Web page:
My Piano Teacher
My mom had great hopes that one of her children would be able to play the piano adequately and I was her last best hope.
You know what happens with the youngest child, you're either too tired or become very crafty about how to get them to do what you want. With me she enticed me by offering either ballet or piano lessons with much more emphasis on the piano. It was all up to me of course. Then she would tell me ballet would benefit me only for so long BUT THE PIANO would be something I would appreciate my entire life. She was right but not necessarily the way she envisioned.
I started lessons when I was about 7 years old and it was apparent to both Mrs. Winsor and me that I wasn't a prodigy nor would I be very good. What I loved about the lessons was listening to her talk about her life in Europe before the war. She attended school in Paris and played concerts there. I couldn't get enough of her stories.
Once a week I would come after school and sit in her dining room until she finished with the pupil before me. Her Steinway grand piano had an embroidered spanish shawl draped over the back of it. It sat in the second story bay window of her house on Randolph Street in San Francisco. Mrs Winsor was always in a formal dress with a rhinestone brooch. She never got up from her chair due to hip trouble and could barely walk but she sat next to the piano bench and looked like a queen. Her hair was red and I'm sure "touched up" and her hands were very large and gnarled. I always loved it when she would demonstrate how to play something. It wasn't easy for her to move herself over to the piano bench but when she played...the piano shook and the house vibrated.
She wrote three books published by her husband and all three books were about death and reincarnation. She was "New Age" before anyone ever heard of the term. And of course this was what I would spend my lesson time talking to her about. She also gave me dandy tips on how to properly cleanse my face and how to use ice cubes to close my pores and make my cheeks rosy.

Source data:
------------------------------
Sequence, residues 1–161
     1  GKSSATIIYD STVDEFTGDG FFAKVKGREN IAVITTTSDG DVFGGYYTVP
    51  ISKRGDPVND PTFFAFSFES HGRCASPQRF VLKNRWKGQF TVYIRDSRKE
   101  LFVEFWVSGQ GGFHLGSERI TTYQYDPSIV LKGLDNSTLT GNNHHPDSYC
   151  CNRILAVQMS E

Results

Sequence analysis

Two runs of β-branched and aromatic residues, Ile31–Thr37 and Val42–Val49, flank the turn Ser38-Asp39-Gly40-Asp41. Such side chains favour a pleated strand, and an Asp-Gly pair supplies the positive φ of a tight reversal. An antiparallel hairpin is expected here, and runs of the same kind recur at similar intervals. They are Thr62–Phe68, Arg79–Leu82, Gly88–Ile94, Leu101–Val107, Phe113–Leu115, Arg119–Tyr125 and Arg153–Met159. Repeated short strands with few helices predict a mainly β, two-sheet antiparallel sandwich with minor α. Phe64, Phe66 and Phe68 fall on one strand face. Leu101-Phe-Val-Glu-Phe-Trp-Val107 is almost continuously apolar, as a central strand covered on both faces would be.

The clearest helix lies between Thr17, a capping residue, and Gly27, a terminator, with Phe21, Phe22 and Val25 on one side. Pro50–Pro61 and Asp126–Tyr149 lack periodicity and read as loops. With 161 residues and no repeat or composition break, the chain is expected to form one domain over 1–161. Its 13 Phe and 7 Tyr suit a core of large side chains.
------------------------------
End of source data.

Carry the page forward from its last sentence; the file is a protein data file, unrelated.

My mom would come to pick me up and park in front of the house where she could see me at the piano. Most of the time when I got in the car I would get a lecture that went something like "I don't pay $10 an hour for you to sit and talk during your lesson!"
I think I had to play in two of Mrs. Winsor's recitals before I figured out how to get out of them. The recitals were always in June so I would take a break from lessons starting in May and go back in the Fall. For some reason my mom never questioned this. She was just so glad I wanted to try the piano she put up with my excuses.
What I learned from those lessons was classical music makes my heart sing. I learned that elder women have fascinating stories to tell and much wisdom to share. I learned that death may not be the end.
The last time I saw her was probably 42 years ago. I don't know when she died or what her life was like as she grew old. I only know that she had a powerful impact on me and I still think about her with gratitude for all the gifts she gave me.
Sorry the scanned picture is so poor. It came from one of her books and my scanner isn't that great...or is it me? I'm about as talented with the scanner as I am at the piano.